That's why it is problematic (to me) to e.g. associate d major with a festive character (only to mention an example). Already the fact, that some played 300 years ago d major a half tone lower or higher, so that means d flat major or e flat major were the keys in those days which must be associated with the character some refer with d major today.
The different character of different keys come in my opinion more from how often a key is used in general or for certain moods some personal "reference" pieces have in that key, but not from inherent character of a key. Because with equal temperated tuning, there is no certain character anymore of a certain key. By the way, I very much like historical tunings, there are some organs in Germany at which those tunings are used with success for certain baroque music.

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Last edited by MindenBlues on Mon Aug 06, 2007 10:32 am, edited 1 time in total.

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PostPosted: Mon Aug 06, 2007 10:32 am 
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Never mind, Terez. I just looked it up. That kind of thing is way over my head.

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PostPosted: Mon Aug 06, 2007 10:32 am 
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Here's the long explanation of tempered tuning, or Equal Temperament (link), or perhaps Well Temperament as opposed to Pythagorean Tuning, or perhaps Meantone Temperament. A great deal of Baroque music is written with Pythagorean tuning or meantone temperament in mind, and the differences are fairly slight for the most part, but enough that a certain harpsichord would only be good for certain keys. In , the leading tone of any key should be at a pitch sharper than a 100-cent half step (not sure exactly how many cents would be between the leading tone and the root (i.e., B to C in the key of C) but it's less than the 100-cent distance of every half step in equal temperament tuning.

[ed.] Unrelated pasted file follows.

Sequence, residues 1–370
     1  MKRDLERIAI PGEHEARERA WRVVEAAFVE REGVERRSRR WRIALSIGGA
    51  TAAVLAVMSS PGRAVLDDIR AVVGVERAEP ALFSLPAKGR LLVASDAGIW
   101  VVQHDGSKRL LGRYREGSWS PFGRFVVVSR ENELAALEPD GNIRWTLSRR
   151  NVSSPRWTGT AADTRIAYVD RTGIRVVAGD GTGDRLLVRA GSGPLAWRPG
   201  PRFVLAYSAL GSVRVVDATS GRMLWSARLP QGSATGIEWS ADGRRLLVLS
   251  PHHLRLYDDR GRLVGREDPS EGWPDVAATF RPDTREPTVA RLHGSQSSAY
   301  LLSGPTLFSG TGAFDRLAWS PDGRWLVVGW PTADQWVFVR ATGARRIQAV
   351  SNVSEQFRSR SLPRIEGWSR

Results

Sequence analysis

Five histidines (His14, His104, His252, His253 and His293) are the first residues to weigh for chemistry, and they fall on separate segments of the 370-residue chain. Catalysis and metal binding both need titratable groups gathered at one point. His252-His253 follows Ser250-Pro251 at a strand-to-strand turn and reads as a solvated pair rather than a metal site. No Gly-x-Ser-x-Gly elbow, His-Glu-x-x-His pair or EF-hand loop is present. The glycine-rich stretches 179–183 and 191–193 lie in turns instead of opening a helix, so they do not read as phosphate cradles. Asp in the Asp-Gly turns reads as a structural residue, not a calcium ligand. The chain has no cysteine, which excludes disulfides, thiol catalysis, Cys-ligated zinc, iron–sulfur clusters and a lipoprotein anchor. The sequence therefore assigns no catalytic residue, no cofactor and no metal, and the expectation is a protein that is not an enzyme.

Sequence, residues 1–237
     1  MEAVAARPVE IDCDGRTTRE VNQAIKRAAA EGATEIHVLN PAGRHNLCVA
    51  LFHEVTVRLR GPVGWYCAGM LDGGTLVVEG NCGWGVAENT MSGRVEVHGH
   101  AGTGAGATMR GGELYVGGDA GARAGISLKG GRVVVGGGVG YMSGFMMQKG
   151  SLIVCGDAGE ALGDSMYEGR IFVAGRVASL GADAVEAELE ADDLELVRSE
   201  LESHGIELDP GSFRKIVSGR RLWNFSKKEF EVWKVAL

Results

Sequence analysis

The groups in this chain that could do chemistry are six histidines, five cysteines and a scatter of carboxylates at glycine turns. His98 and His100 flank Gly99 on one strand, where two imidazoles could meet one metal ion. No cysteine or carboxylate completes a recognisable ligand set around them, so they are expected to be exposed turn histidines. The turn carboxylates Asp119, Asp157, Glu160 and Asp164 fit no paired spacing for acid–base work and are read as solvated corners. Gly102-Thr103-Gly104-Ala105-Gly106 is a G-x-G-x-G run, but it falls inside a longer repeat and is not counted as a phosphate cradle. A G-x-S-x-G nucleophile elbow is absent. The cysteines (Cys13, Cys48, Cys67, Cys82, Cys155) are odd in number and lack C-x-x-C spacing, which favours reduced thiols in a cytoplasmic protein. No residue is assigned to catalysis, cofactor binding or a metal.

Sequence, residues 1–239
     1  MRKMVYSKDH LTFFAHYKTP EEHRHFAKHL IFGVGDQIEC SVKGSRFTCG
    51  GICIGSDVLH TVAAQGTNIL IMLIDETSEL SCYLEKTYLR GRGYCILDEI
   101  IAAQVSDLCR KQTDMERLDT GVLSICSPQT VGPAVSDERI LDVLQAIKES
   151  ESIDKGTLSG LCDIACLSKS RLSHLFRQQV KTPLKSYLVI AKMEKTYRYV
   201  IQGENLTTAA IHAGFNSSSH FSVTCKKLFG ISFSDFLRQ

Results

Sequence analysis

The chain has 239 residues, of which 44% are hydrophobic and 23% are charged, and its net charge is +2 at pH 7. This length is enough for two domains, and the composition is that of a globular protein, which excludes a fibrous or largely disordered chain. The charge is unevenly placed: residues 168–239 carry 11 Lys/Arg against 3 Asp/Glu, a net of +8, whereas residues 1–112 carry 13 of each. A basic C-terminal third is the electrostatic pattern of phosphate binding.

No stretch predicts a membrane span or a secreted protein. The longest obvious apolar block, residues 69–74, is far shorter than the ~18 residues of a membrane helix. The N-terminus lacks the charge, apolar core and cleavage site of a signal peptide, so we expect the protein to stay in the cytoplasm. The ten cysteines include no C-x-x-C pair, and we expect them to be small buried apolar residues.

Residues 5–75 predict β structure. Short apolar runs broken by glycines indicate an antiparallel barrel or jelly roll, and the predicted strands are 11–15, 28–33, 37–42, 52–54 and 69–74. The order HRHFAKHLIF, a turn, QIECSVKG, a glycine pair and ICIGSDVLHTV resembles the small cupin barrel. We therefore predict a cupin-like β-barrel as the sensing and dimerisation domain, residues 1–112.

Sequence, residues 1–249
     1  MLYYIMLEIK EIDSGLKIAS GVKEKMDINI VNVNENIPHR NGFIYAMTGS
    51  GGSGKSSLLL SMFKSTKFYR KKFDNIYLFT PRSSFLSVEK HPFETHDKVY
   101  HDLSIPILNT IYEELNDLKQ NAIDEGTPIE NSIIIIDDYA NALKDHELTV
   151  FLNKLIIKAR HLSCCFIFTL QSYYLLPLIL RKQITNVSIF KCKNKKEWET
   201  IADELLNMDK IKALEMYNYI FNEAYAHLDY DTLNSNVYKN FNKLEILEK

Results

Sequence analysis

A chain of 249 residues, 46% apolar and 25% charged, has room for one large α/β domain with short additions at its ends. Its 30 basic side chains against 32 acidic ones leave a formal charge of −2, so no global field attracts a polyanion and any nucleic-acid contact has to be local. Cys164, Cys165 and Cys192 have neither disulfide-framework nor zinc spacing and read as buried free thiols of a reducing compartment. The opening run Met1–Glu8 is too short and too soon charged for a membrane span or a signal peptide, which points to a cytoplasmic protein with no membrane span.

I don't know a great deal about the differences in tuning, which is why my comment above was a question. lol...it actually seems counter-intuitive to think that tempered tuning would have anything to do with why certain keys sound better on a keyboard with equal temperament (and we all play on equal temperament keyboards). Ah, well....that's why Bach's Well Tempered Clavier was such a revolutionary work, I think - it was meant for a keyboard on which you could play any key! And I think it was the first major work that was intended for such an instrument, though I could of course be wrong.

EDIT: wow, I must be slow - two people posted while I was working on this! :oops:

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PostPosted: Mon Aug 06, 2007 10:34 am 
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oops - looks like we posted at the exact same time. Thanks for answering but I still don't get it. :)

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PostPosted: Mon Aug 06, 2007 10:35 am 
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Wow! Three people posting at exactly the same time. Now I'll go read Olaf's response.

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PostPosted: Mon Aug 06, 2007 10:35 am 
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pianolady wrote:
oops - looks like we posted at the exact same time. Thanks for answering but I still don't get it. :)


Also not from what I wrote? If that's the case, what exactly you don't get (indeed 3 posts with same time stamp)?

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PostPosted: Mon Aug 06, 2007 10:36 am 
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It's okay, Monica - I don't really get it either! ;)

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PostPosted: Mon Aug 06, 2007 10:38 am 
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You guys are too smart for me. :) Thank you for the explanations, though.

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PostPosted: Mon Aug 06, 2007 10:48 am 
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Olaf, off the top of your head, do you know of any piano recordings on the internet that use 'historical tuning' ? (don't waste any more time if you don't know - it's okay)